Summary:

San Diego-based EcoATM wants to make for electronic recycling convenient and even rewarding (with cash!), and the idea has enabled it to raise a B round of about $17 million to expand its reach nationwide.

Green:Net Launchpad: ecoATM and Soneter Win

Will the supermarket kiosk craze that helps you cash in coins, rent DVDs and recycle water bottles lead to a boom in gadget and cell phone recycling? A startup called ecoATM hopes so, and its idea to build electronics recycling kiosks nationwide has enabled it to raise a series B round of funding of about $17 million, the company said Tuesday.

The San Diego startup puts kiosks in shopping malls and other retail spaces — particularly in locations near stores selling consumer electronics — that dispense cash, gift cards or coupons for mobile gadgets. The company has lined up buyers who promise to pay for the gadgets it collects, so when a consumer uses the kiosk to sell her phone, ecoATM can search for the best price from among its network of buyers and pass on part of that revenue to the consumer.

The company raised $14.4 million only over a year ago, and investors from that round, including Claremont Creek Ventures and Coinstar, also put money into the new round. New investors include PI Holdings, Moore Venture Partners and Koh Boon Hwee, who ecoATM describes as a “Singapore billionaire” (he was former chairman of Singapore Airlines and Singapore Telecom and worked at Hewlett-Packard).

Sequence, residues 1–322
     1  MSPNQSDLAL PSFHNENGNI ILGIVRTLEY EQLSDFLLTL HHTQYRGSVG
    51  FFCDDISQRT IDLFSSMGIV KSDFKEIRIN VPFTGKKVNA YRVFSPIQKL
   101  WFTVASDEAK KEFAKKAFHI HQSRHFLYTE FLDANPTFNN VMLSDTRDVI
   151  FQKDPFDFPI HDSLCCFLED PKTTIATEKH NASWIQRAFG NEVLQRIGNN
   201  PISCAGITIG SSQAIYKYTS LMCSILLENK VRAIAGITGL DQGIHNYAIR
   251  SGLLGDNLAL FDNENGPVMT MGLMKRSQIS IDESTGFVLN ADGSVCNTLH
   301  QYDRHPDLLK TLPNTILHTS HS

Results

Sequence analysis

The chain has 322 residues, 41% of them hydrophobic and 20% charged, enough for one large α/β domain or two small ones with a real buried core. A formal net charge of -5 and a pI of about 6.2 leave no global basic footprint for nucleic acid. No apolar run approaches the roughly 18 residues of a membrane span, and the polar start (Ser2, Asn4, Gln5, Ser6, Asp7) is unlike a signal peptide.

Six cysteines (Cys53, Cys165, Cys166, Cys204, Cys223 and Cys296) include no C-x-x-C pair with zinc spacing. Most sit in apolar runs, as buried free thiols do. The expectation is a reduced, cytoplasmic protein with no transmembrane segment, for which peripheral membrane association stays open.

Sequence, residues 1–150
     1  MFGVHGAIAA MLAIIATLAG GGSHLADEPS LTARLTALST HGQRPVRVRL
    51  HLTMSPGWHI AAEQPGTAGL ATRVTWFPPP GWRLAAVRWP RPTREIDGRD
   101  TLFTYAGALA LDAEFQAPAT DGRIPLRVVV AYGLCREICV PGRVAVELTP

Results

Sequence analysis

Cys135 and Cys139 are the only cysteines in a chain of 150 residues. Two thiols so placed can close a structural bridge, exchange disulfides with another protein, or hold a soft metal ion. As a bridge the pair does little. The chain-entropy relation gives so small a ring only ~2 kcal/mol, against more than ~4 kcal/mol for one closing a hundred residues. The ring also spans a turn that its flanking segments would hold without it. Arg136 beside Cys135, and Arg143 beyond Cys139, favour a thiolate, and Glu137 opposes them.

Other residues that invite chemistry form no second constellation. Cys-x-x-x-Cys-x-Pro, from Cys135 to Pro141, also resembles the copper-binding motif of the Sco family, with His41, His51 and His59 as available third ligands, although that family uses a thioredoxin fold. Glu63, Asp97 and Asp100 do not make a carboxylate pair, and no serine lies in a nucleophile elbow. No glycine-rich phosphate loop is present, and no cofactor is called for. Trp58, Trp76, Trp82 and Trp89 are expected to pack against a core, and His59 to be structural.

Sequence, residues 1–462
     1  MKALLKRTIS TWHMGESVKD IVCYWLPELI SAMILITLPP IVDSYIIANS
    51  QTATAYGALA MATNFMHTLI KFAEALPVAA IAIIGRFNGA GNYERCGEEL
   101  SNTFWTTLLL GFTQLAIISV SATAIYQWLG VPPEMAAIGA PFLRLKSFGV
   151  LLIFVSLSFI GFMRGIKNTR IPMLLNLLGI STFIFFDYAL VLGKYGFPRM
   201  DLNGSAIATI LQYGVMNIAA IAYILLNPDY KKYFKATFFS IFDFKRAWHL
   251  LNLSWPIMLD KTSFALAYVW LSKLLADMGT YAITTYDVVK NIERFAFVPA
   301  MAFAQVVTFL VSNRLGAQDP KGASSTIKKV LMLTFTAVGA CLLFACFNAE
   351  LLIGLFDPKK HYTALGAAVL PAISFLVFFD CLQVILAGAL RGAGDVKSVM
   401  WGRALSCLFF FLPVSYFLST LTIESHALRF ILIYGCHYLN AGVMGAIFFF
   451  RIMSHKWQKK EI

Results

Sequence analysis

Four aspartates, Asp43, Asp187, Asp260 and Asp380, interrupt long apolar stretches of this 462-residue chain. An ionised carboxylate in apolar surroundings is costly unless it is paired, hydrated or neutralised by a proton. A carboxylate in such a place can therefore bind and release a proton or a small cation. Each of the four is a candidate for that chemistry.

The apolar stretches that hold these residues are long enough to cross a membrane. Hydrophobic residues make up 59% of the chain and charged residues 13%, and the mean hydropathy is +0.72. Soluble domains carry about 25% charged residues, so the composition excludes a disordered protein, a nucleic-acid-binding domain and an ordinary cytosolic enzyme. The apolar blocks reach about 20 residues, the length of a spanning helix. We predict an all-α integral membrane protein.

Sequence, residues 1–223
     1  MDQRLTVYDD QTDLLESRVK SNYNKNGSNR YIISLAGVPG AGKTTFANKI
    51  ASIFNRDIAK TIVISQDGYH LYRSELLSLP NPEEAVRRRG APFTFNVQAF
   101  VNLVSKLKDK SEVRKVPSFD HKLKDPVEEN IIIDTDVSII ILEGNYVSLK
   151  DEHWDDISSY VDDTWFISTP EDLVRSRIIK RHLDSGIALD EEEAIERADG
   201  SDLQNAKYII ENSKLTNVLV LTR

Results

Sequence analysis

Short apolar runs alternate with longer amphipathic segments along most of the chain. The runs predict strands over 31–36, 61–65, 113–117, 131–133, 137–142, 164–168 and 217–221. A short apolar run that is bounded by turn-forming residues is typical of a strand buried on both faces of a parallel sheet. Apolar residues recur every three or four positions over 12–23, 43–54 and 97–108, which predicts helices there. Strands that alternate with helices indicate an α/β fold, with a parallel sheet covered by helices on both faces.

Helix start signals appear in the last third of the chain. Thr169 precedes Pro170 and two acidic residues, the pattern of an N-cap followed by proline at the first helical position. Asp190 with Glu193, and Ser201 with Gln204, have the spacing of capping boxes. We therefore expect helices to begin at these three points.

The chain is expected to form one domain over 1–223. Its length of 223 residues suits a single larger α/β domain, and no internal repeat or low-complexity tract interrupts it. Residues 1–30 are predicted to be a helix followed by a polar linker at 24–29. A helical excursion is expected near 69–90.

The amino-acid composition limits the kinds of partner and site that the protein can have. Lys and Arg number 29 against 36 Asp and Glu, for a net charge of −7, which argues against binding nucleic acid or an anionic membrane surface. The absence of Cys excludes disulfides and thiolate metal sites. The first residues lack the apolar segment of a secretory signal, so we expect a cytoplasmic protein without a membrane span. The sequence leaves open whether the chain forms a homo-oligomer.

EcoATM already has kiosks operating in about 50 locations in California and a smattering more in other states such as Kansas, Nebraska and Washington, according to the company’s website. The one at the Nebraska Furniture Mart was the company’s first installation and put in service in the fall of 2009. The company used to have a more ambitious plan of installing 200 kiosks by the end of 2010.

The new funding will enable the company to carry out a broader, national rollout, said ecoATM’s CEO, Tom Tullie, in a statement.

E-waste recycling isn’t a new idea, but making it convenient could help it become a habit. Even though people know recycling is a good thing, they may not go out of their way to hunt for recycling centers and drive there or ship their gadgets. Some recycling centers take old gadgets but don’t pay for them. So getting money or other goodies in return could be an attractive incentive.

The Consumers Electronics Association estimated back in 2008 that each American household owned 24 electronic devices. The head of the federal Environmental Protection Agency, Lisa Jackson, has called on electronic companies to think about how their gadgets could be recycled while they are designing products. In 2005, the U.S. generated 2 million tons of e-waste and only about 350,000 tons of them were recycled, the EPA said. The rest just ended up in landfills here and abroad.

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